Allergy and risk of childhood leukaemia: Results from the UKCCS
Int J Cancer. 2007 Aug 15;121(4):819-24.
Hughes AM, Lightfoot T, Simpson J, Ansell P, McKinney PA, Kinsey SE, Mitchell CD, Eden TO, Greaves M, Roman E; on behalf of the United Kingdom Childhood Cancer Study Investigators.
Epidemiology and Genetics Unit, Department of Health Sciences, University of York, York, United Kingdom.
We investigated the relationship between childhood leukaemia and preceding history of allergy. A nationwide case-control study of childhood cancers was conducted in the United Kingdom with population-based sampling of cases (n = 839) and controls (n = 1,337), matched on age, sex and region of residence. Information about clinically diagnosed allergies was obtained from primary care records.
More than a third of subjects had at least one allergy diagnosed prior to leukaemia diagnosis (cases) or pseudo-diagnosis (controls). For both total acute lymphoblastic leukaemia (ALL) and common-ALL/precursor B-cell ALL (c-ALL), a history of eczema was associated with a 30% significant reduction in risk: the odds ratios (OR) and 95% confidence intervals (CI) were 0.70 (0.51-0.97) and 0.68 (0.48-0.98), respectively. Similar associations were observed for hayfever (OR = 0.47; 95% CI: 0.26-0.85 and OR = 0.62; 95% CI: 0.33-1.16 for ALL and c-ALL, respectively). No such patterns were seen either for asthma and ALL, or for any allergy and acute myeloid leukaemia. A comparative analysis of primary care records with parents recall of allergy revealed only moderate agreement with contemporaneous clinical diagnoses for both cases and controls-confirming the unreliability of parental report at interview.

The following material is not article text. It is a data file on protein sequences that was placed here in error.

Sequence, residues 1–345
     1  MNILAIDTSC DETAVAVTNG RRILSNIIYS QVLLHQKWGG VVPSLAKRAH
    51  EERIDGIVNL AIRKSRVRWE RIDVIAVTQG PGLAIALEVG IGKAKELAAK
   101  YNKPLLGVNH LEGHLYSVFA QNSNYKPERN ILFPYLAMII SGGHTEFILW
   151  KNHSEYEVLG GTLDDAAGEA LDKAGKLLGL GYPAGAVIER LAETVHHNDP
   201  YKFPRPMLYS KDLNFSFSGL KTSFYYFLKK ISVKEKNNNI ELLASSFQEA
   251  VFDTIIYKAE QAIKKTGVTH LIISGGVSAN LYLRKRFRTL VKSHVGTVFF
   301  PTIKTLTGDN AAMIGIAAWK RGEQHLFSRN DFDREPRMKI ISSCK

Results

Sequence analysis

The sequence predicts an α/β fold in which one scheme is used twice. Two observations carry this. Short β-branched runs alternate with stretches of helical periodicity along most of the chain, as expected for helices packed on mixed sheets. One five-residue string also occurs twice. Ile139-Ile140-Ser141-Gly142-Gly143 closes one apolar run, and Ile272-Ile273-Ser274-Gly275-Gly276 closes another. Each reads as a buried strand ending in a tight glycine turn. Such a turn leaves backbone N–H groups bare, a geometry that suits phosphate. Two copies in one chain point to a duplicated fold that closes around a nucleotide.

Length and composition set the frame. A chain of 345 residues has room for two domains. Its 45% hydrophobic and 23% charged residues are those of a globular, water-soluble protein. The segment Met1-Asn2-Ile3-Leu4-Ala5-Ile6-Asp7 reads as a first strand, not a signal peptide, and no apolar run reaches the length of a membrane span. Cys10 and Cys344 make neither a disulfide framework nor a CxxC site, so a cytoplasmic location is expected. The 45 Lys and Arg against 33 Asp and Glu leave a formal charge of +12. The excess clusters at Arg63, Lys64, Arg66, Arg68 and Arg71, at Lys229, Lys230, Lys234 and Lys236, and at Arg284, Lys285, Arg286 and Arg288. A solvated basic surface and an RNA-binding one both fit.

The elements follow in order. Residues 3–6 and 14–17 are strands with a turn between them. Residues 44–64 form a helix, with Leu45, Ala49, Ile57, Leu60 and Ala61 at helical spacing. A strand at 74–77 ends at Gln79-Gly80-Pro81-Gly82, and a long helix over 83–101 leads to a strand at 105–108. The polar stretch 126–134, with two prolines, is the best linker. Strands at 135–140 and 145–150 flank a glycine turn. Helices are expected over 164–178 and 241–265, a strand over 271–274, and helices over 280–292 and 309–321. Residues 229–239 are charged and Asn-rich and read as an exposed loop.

Our finding of a reciprocal relationship between allergy and ALL in children is compatible with the hypothesis that a dysregulated immune response is a critical determinant of childhood ALL.